At this stage, we speak with the candidate about their technical background and probe into their hard skills. Usually, we apply a combination of on-the-spot questions, tasks, or requests to read portions of code and translate it into plain words.
Depending on the tasks’ complexity, we might give them some timeframe for returning results or ask them to resolve the problem during the call (both approaches have pros and cons).
The goal at this stage is to determine how candidates’ relevant experience translates into their technical mastery.
Final presentation to stakeholders
More often than not, people from different teams and levels would likely have to work weekly or even daily with people that join our team. For this reason, we always involve them, as their feedback (and subsequent engagement) is instrumental to candidates’ success.
This stage involves a combination of technical and interpersonal discussion. If we have assigned a task, this is likely where the candidate would present and defend their implementation.
The goal at this stage is a bit more nuanced. We want to observe and understand the interaction between candidates and our colleagues; hard skills are critical, but the “chemistry” should also be right.
Different people at different stages
You might already find this intuitive. Just in case, I want to stress why having different people lead different stages of the process is paramount.
In addition to ensuring buy-in from all stakeholders, it is even more important to cover potential blind sides. What is critical to me might be utterly irrelevant to you, and vice versa.
Likewise, I make sure not to share notes between interviewers, at least not until we have reached the final stage. This is especially helpful in achieving a “consensus” on candidates. In other words, we are aiming to get more or less a similar impression about the candidate from various angles and by using different methodologies.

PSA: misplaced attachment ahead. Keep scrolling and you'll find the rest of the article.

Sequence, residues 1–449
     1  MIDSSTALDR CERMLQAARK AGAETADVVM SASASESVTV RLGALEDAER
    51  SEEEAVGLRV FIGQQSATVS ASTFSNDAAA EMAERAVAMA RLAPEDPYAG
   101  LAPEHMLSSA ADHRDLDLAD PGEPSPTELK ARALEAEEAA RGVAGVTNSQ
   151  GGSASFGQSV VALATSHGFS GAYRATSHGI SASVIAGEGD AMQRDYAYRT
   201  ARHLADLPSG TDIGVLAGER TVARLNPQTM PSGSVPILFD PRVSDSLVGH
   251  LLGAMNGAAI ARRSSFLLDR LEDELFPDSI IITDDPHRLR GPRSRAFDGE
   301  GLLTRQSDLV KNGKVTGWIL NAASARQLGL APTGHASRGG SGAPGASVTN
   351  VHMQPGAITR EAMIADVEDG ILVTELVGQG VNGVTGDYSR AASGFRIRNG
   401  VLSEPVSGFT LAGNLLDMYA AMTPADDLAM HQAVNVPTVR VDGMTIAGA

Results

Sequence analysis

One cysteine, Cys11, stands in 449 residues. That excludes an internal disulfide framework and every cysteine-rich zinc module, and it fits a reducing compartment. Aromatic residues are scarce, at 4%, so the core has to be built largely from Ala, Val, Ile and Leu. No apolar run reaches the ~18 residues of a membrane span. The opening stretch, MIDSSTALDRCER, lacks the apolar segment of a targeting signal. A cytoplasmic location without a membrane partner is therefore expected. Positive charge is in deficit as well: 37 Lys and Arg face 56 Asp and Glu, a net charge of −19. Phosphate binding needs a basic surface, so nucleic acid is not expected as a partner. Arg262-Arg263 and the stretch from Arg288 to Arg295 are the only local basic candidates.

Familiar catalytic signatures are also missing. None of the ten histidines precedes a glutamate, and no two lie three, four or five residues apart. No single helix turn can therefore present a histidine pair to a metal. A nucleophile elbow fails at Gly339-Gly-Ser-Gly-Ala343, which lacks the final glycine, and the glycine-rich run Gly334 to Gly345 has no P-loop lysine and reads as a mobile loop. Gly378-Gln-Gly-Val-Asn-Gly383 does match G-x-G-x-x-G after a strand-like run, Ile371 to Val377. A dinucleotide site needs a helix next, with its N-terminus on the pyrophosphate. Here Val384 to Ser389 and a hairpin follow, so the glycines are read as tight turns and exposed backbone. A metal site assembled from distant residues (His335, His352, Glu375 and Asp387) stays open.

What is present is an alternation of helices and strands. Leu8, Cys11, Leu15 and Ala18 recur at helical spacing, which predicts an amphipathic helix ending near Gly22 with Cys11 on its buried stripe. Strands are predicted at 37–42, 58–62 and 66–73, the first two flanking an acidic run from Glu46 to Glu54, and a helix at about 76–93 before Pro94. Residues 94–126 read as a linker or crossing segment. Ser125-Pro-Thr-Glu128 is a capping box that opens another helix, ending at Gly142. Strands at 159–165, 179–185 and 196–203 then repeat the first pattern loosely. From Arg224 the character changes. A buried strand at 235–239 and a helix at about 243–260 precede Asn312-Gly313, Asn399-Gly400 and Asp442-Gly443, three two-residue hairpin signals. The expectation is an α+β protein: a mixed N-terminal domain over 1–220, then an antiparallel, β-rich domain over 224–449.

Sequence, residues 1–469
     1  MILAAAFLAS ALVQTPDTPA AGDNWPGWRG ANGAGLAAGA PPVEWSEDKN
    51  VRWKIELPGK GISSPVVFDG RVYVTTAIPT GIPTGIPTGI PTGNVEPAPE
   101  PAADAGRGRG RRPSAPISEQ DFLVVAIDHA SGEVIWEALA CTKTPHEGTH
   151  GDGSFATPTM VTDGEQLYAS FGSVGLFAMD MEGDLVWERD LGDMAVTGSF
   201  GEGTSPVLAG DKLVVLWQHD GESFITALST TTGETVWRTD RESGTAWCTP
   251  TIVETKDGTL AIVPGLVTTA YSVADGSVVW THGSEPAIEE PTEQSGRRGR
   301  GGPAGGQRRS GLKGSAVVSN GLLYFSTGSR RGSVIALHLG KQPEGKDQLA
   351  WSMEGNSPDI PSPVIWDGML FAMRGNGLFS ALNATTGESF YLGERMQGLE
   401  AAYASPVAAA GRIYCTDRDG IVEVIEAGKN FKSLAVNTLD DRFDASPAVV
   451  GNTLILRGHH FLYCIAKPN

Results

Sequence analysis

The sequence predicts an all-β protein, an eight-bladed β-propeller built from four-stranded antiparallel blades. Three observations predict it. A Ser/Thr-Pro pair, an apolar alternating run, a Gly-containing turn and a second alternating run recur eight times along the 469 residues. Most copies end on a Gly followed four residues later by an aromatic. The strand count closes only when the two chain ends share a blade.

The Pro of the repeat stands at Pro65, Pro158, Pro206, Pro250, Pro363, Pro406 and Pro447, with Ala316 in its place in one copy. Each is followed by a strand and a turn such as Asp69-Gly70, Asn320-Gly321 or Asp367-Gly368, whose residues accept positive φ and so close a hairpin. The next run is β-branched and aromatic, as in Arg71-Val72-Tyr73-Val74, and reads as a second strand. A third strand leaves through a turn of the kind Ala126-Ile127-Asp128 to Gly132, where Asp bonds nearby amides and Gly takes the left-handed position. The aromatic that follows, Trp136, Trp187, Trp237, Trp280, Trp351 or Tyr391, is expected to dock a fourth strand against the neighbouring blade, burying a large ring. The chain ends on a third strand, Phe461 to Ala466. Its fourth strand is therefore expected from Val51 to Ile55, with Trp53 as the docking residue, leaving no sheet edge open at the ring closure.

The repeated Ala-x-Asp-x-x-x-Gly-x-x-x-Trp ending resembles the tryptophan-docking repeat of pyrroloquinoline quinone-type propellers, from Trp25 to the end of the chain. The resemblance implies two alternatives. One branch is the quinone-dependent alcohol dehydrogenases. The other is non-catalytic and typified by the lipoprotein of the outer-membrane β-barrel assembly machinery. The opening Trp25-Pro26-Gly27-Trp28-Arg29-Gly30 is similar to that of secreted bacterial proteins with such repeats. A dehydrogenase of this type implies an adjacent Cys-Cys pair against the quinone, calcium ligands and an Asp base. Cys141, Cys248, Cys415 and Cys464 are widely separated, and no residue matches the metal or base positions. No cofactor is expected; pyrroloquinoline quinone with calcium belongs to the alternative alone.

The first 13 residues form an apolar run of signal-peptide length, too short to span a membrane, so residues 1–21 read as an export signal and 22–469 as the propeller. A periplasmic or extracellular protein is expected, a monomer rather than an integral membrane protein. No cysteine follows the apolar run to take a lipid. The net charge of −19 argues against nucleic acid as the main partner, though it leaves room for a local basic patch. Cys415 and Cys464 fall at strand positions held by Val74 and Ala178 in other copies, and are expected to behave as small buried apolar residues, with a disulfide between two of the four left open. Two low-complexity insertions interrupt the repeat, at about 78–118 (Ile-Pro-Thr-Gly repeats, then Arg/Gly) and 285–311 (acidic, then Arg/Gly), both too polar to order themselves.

We feel we are driving this process in the right direction if we achieve as much. Conversely, if something doesn’t add up, it’s a sign for us to reconsider and recalibrate some of our practices.
A framework to steer the evaluation
If you use a framework in your recruitment, you will already recognize the benefits of having one.
In the initial stage, a framework will enable you to pinpoint topics of interest that you or your colleagues would want to touch upon, craft questions that will help you reach the insights you are after and steer the discussion by asking follow-up questions, if initial answers do not get you exactly what you needed.
After the introductory meeting, the framework will help you collect your conclusions and map out how you view your first impression of a candidate. Visualizing your findings makes it relatively easy to share your impressions with other colleagues in the process and benchmark against other candidates.
In later stages, the framework will help you understand value, its perception, and how it broadly matches your company’s values. Discussions with successful candidates concerning remuneration and other issues can be supported by arguments you derive from applying a clear set of rules and standards. Negotiations are substantiated, meaning your proposals are pretty easy to explain as a result.
Finally, candidates feel you genuinely value them, because you can give clear feedback and explain how and why they matched certain expectations during the process.
It is up to your organization to choose what framework to use, as this will depend on your strategic goals. We use “Engineering Ladders” as a baseline and adjust our activities to our needs. This approach has many benefits, which I may address in a follow-up article.
Be as fast as possible
The market waits for no one. Consequently, you must design the process to deliver both insights and speed. There will always be trade-offs, of course. However, make sure to cut out the deadweight from the process, because otherwise this might jeopardize your recruiting efforts.